• Conversations with college graduates suggest that they perceive speed as a primary virtue in terms of completing professional tasks and requests from managers. They “wanted to prove to employers they were hyper-responsive and capable of solving information problems in an instant — a response they perceived employers wanted from them, based on their interviews and how dazzled some employers were with their computer proficiencies when they first joined the workplace.”

“The findings suggest a dramatic shift is occurring in the workplace related to how information is found and used,” the researcher notes. “We found the traditional research competencies — the use of non-digitized information sources — may be disappearing with each passing year as a new batch of college hires joins the workplace.” The report proposes solutions for confronting this information-gathering gap: (1) partner recent college graduates with more seasoned employees to exchange information-obtaining techniques; (2) implement programs in the undergraduate experience that require students to solve problems by using sources beyond Google.

Tags: higher education, youth, technology

    Writer: | Last updated: January 7, 2013

    Citation: Head, Alison J. "Learning Curve: How College Graduates Solve Information Problems Once They Join the Workplace," Project Information Literacy, October 2012.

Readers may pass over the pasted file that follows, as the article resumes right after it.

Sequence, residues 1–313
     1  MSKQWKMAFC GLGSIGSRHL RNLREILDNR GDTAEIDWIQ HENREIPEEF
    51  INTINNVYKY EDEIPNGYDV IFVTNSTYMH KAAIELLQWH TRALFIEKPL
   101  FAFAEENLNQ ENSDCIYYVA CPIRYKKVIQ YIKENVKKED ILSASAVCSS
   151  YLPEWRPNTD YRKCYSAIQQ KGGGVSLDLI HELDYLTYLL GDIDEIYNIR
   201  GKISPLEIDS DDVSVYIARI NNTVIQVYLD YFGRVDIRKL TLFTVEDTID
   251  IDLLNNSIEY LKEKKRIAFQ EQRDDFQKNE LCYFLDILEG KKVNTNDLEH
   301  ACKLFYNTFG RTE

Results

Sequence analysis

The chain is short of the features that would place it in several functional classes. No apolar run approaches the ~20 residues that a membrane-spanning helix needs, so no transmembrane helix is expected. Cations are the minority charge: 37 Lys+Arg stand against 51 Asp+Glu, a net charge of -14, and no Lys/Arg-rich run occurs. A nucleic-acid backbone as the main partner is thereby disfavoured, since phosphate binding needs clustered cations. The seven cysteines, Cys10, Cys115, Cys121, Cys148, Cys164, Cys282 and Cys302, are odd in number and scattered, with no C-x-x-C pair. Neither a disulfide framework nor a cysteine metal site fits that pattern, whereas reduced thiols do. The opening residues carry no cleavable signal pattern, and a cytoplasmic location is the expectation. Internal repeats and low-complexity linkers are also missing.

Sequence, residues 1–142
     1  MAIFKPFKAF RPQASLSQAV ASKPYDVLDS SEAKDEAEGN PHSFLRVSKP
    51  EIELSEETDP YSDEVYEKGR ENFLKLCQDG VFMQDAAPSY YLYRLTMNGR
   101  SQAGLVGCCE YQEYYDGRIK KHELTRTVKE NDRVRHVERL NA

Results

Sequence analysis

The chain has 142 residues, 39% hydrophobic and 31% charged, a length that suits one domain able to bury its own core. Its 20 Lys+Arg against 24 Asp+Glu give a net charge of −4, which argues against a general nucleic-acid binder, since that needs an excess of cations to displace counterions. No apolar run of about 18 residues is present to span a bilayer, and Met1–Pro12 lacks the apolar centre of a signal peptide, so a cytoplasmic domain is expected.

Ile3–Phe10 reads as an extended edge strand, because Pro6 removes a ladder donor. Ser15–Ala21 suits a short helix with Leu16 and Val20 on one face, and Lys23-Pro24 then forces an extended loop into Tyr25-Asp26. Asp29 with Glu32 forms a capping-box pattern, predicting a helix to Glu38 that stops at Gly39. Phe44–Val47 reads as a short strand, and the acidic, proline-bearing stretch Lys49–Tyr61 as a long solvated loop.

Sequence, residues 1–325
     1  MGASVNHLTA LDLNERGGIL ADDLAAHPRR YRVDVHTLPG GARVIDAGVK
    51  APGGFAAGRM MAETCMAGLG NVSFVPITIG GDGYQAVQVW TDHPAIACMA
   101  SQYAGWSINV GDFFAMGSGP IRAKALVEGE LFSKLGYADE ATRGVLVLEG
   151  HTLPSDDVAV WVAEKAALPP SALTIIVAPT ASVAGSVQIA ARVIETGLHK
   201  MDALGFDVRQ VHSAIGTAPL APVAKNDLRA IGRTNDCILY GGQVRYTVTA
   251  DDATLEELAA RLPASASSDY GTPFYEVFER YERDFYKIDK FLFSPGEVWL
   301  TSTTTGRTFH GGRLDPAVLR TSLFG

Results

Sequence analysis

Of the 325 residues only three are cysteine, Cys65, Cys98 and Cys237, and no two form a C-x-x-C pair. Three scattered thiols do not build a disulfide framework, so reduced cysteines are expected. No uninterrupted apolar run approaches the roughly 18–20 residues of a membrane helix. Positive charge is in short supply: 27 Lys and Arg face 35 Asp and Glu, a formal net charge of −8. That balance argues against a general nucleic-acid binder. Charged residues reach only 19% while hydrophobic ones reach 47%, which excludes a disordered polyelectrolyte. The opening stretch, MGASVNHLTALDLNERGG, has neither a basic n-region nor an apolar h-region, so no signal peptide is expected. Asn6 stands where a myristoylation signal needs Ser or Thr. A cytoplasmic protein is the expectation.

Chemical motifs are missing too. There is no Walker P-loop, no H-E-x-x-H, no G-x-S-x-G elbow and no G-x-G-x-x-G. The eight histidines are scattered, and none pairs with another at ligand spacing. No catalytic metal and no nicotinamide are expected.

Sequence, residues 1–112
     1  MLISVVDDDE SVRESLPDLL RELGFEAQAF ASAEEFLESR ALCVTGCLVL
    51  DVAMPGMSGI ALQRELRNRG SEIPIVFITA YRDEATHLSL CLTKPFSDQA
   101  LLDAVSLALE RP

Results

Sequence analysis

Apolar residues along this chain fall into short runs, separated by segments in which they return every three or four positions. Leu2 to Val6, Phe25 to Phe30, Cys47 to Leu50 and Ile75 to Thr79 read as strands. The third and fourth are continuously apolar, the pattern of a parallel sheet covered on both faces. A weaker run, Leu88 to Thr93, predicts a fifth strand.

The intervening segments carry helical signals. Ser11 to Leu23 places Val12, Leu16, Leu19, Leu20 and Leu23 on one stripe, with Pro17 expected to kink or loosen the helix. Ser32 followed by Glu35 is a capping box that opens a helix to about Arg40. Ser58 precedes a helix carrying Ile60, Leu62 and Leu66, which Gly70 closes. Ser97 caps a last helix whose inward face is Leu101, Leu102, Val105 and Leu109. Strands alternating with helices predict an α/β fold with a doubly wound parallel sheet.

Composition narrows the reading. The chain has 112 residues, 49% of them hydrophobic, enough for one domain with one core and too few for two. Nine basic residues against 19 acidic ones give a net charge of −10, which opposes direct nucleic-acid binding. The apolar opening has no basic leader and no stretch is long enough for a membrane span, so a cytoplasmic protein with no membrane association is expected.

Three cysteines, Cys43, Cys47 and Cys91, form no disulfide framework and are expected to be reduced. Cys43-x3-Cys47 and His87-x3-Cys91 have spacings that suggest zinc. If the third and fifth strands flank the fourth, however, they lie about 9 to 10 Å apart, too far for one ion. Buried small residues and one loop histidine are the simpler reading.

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    Analysis assignments

    Read the issue-related Education Week article titled "Can the Digital Generation Do Anything Right?"

    1. What key insights from the news article and the study in this lesson should reporters be aware of as they cover these issues?

    Read the full study titled "Learning Curve: How College Graduates Solve Information Problems Once They Join the Workplace."

    1. What are the study's key technical term(s)? Which ones need to be put into language a lay audience can understand?
    2. Do the study’s authors put the research into context and show how they are advancing the state of knowledge about the subject? If so, what did the previous research indicate?
    3. What is the study’s research method? If there are statistical results, how did the scholars arrive at them?